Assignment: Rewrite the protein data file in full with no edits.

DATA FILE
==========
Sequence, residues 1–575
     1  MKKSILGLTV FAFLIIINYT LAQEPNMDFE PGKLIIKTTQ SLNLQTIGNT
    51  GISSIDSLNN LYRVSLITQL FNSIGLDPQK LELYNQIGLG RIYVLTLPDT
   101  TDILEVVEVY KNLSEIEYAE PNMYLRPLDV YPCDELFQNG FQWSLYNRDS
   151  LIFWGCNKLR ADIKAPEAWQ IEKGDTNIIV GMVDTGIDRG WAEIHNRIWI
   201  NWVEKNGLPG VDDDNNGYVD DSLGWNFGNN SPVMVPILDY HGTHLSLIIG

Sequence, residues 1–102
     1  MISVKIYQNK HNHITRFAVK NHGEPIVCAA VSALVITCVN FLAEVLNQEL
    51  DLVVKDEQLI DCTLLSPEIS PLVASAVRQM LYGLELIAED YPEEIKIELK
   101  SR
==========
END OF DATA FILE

Sequence, residues 1–575
     1  MKKSILGLTV FAFLIIINYT LAQEPNMDFE PGKLIIKTTQ SLNLQTIGNT
    51  GISSIDSLNN LYRVSLITQL FNSIGLDPQK LELYNQIGLG RIYVLTLPDT
   101  TDILEVVEVY KNLSEIEYAE PNMYLRPLDV YPCDELFQNG FQWSLYNRDS
   151  LIFWGCNKLR ADIKAPEAWQ IEKGDTNIIV GMVDTGIDRG WAEIHNRIWI
   201  NWVEKNGLPG VDDDNNGYVD DSLGWNFGNN SPVMVPILDY HGTHLSLIIG

Sequence, residues 1–102
     1  MISVKIYQNK HNHITRFAVK NHGEPIVCAA VSALVITCVN FLAEVLNQEL
    51  DLVVKDEQLI DCTLLSPEIS PLVASAVRQM LYGLELIAED YPEEIKIELK
   101  SR